This majestic hotel has an old world charm. Traffic here is heavy so it might be a good idea ...

to ride around in a bike, a Harvey Davidson, no less.

A Toot-toot train bedecked with festive ribbons runs through town for the foot-weary and also for those who want to soak in its novelty.

Mode of transport included trundling this boat across town to the waters.

The annual Kinsale Gourmet Festival was on.

The celebrants wore zany hats. I like the one with the 'Teapot Pouring on Teacup'. If no hats were available, sticking some fork, knives and spoons through coiffed hair will do just as well.

At Poet's Corner, a caliph wannabe strutted his stuff in a commanding headgear.

They looked like they were on their way to attend the Mad Hatter's tea-party.

I half expected to see a March Hare in top hat running through the street.

They traipsed all over town lending it a fesive air.

Purple-White Pansies

A mass of tiny indigo flowers (phlox?) tumble down.

Magenta and baby pink Cyclamens.

To Lunch

 After taking in the sights, sounds and smells of the town, we were in the perfect mood for lunch.
I was trying to check out some restaurants in the vicinity when my daughter snapped this photo. I was a bit miffed as I was not in focus but some inedible berries were obviously the subject :(  So, it was the perfect excuse for lunch not to be on me :D

 The extended branch of a berry plant partially cover this wall plaque in an attempt to show a modicum of humility. The word 'BEST' was still visible.

 We selected this restaurant based on its facade ...


The plants and hand-roasted coffee got my vote in choosing this restaurant.

A window box display outside the restaraunt holds Geraniums and some silver foliage.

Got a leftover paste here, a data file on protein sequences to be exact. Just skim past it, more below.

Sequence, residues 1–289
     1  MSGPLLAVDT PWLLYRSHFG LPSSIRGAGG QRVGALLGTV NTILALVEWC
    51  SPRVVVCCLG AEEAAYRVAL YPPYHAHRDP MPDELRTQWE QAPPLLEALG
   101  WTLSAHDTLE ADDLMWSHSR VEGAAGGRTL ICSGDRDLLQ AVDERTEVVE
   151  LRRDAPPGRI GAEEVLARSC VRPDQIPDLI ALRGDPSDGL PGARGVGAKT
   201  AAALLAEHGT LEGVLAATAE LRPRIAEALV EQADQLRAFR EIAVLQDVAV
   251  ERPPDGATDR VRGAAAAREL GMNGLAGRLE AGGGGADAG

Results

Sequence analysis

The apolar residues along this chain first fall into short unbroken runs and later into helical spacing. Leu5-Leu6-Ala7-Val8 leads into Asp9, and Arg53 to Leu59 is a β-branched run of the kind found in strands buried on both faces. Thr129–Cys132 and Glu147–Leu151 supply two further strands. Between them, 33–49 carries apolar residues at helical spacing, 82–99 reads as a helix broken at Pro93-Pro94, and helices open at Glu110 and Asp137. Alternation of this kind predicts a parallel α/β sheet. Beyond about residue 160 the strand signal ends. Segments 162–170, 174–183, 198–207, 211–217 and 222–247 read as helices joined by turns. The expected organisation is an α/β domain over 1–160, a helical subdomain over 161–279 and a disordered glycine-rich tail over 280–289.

This cute eight-month-old tot at the next table took a shine to us and contentedly sat on my lap. He belongs to a young German couple who were visiting. From time to time, he tilted his head a ninety degress to look at us. He was such a cutie-pie and so very clever for his tender age.

Leaving Kinsale

Driving out in the late afternoon, we passed through a quite street.

and then more quiet streets with shuttered shops.

If for any reason, having a mural is not feasible, Kinsale residents do not despair. They merely cover their walls with plants. What a clever idea!

 A burst of colours was spied on some resident's otherwise bare pillar.

My hydrangeas can never quite aspire to look like this. I blame it on the climate. Without a doubt, it has got nothing to do with my green fingers or lack of it.

 Blackberry bushes laden with fruits were found all along the roadside.

Blackberries at various stages of ripening present an interesting array of colours.
These were popped into the mouth. I survived!

Blackberry flowers were stunning. They reminded me of plum or peach blossoms.

The Song of the Blackberry Fairy
My berries cluster black and thick
For rich and poor alike to pick.

I'll tear your dress, and cling, and tease,
And scratch your hands
and arms and knees.

I'll stain your fingers and your face
And then I'll laugh at your disgrace.

But when the bramble-jelly's made
You'll find your trouble well repaid.

by Cicely Mary Barker